Depression is outwardly a quiet torment. Inside it’s an almost constant implosion of self-deprecating self-doubt. That’s what we witness in director James Ponsoldt’s The End of the Tour – wrapped around David Foster Wallace like his famous bandana. Woven all-too-frequently into the substance of his conversation with David Lipsky: the ravages of a cruelly oppressive internal voice. I left the theater feeling: “devastating. That’s the only word for it.”
It is devastating. I can’t tell you how often I sit in my office helping people struggle against very similar self-loathing voices. These voices can ruin a life. Cast out hope. Create absolute despair. We have it in Wallace’s own words, in, The End of the Tour, after a depressive breakdown in college: “You now see before you, indirectly at least, the real ‘Waller’: an obscurely defective commodity that has also been somewhat damaged in transit.”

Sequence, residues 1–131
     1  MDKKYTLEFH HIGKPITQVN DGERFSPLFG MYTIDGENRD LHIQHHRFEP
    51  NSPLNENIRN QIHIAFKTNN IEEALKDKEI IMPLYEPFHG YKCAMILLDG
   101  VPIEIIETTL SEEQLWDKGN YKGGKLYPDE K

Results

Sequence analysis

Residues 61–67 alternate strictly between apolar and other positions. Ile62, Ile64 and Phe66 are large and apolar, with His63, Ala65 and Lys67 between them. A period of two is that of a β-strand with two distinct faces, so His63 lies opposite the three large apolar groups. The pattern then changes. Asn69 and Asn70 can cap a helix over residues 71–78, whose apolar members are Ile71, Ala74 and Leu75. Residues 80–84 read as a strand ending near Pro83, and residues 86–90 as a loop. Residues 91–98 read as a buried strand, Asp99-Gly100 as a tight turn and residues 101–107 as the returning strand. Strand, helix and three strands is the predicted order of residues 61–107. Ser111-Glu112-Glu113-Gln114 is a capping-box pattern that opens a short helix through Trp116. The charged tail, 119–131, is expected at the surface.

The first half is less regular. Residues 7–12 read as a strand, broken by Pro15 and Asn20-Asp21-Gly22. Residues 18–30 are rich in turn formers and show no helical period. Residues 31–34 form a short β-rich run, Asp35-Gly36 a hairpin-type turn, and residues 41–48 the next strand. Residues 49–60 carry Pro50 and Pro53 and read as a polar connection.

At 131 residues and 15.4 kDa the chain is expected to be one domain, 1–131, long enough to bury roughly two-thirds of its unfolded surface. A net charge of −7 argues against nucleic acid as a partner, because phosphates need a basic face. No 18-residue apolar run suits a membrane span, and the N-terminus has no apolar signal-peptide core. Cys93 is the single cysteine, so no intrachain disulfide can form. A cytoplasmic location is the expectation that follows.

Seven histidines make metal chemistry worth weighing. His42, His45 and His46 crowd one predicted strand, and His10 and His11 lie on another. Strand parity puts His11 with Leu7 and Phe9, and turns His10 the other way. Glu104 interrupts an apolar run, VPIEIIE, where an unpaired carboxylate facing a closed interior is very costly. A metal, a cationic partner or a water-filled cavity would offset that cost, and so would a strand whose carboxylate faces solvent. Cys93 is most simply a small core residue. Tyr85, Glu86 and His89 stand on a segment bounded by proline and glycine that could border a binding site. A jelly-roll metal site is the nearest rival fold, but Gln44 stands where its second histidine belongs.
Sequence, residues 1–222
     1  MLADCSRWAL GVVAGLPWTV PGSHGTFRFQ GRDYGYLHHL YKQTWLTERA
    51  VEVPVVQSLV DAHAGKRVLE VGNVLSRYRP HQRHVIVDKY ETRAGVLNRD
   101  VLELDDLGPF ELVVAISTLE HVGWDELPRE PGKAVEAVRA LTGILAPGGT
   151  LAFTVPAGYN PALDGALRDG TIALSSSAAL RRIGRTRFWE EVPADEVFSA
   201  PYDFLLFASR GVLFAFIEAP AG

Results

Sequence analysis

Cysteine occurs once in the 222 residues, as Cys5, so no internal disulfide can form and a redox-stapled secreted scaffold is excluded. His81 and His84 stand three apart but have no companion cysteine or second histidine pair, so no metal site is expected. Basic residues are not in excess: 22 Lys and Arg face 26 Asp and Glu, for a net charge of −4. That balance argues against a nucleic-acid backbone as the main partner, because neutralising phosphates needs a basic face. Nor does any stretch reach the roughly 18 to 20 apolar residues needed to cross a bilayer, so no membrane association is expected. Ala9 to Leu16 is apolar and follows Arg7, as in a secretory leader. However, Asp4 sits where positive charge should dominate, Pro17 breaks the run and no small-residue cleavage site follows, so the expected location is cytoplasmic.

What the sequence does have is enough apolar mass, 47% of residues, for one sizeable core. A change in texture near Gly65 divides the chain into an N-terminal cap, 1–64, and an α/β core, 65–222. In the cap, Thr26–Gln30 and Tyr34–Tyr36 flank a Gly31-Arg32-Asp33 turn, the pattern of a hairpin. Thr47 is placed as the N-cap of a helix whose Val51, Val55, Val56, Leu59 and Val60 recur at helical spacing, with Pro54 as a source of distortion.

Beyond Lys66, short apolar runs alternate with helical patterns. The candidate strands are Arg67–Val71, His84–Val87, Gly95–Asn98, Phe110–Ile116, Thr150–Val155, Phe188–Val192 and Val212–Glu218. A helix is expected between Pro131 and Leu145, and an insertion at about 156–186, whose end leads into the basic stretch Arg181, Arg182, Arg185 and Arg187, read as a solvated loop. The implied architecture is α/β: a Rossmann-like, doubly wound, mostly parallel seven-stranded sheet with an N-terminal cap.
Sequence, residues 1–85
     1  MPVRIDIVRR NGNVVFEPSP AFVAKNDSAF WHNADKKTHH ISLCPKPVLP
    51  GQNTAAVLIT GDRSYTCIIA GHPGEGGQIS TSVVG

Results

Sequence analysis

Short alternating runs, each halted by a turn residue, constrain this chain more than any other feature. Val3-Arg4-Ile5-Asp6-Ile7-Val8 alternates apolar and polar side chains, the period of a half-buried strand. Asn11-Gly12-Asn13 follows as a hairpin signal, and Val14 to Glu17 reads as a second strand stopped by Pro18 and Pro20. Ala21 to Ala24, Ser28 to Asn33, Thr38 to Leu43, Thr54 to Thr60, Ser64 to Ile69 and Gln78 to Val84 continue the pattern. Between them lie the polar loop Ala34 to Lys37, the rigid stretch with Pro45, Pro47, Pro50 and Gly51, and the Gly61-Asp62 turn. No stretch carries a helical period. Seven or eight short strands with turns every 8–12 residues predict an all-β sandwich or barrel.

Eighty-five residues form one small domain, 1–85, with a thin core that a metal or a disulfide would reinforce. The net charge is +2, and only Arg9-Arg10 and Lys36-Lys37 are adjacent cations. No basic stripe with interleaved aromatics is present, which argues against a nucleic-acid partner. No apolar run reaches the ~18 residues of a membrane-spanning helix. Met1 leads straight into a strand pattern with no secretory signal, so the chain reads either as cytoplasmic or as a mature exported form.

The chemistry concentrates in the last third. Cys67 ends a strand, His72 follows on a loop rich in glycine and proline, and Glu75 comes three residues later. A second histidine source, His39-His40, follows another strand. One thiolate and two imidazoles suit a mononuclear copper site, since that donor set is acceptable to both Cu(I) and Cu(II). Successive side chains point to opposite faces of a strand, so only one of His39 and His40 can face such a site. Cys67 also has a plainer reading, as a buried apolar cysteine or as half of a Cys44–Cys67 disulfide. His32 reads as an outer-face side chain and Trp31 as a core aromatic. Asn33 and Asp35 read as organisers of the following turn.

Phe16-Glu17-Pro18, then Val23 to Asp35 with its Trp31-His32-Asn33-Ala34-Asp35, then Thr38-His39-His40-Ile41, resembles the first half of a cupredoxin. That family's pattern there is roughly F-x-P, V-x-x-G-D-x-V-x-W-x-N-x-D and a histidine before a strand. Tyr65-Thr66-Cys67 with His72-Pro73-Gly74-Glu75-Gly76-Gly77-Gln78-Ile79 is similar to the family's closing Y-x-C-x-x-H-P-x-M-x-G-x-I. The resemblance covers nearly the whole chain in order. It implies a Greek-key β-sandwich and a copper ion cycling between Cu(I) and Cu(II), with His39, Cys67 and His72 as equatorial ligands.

Believing that the real “Waller” is a defective commodity – that’s the worst part. At The End of the Tour, Wallace says: “I don’t think we ever change. I’m sure I still have those parts of me. I’m just trying to find a way not to let them drive.” But, tragically, without hope, they did. I find without exception, in my work with depression, the unrelenting conviction that “this is just the way I am.” It’s not. But, convincing a depressed person that what they believe to be facts are not true – is one of the greatest difficulties in turning depression around.
A longer piece on The End Of The Tour will be coming up next week.